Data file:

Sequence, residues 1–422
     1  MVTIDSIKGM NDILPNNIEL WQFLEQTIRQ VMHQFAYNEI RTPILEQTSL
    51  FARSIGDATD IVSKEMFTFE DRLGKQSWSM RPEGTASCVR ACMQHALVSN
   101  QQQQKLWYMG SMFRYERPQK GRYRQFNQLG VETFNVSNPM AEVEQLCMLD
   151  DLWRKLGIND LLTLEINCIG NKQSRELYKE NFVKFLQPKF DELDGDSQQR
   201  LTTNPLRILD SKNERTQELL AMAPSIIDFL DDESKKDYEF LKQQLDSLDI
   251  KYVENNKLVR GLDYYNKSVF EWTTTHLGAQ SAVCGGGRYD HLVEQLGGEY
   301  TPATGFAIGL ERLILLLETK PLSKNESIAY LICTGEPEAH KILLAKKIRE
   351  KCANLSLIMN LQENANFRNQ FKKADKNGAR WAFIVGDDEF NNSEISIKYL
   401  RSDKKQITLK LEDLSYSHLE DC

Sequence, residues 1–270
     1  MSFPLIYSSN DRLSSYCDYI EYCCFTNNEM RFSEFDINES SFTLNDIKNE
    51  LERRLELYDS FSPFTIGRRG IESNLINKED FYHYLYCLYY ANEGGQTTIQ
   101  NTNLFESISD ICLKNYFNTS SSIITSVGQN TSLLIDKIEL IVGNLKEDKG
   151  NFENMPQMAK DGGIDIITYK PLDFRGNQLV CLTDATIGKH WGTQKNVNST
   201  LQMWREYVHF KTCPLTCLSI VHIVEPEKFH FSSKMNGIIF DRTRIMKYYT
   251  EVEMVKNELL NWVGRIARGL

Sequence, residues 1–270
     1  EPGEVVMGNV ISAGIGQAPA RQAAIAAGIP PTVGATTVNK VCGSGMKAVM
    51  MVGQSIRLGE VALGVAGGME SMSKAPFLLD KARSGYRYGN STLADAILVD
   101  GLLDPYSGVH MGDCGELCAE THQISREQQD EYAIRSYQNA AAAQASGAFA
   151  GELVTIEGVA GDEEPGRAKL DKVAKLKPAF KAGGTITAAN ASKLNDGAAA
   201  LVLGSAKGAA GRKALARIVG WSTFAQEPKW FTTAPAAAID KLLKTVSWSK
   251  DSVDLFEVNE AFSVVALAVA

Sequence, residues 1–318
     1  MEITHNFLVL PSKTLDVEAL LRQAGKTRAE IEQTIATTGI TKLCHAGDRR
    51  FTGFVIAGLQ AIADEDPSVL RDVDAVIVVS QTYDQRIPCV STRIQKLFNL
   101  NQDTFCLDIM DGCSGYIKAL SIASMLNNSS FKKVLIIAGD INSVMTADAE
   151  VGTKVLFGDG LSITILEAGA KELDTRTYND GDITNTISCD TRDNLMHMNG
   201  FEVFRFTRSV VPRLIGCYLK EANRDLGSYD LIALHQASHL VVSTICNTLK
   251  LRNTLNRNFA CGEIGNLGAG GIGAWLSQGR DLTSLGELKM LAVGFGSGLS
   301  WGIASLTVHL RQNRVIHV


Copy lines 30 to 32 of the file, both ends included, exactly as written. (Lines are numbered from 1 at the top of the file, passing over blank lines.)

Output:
   201  FEVFRFTRSV VPRLIGCYLK EANRDLGSYD LIALHQASHL VVSTICNTLK
   251  LRNTLNRNFA CGEIGNLGAG GIGAWLSQGR DLTSLGELKM LAVGFGSGLS
   301  WGIASLTVHL RQNRVIHV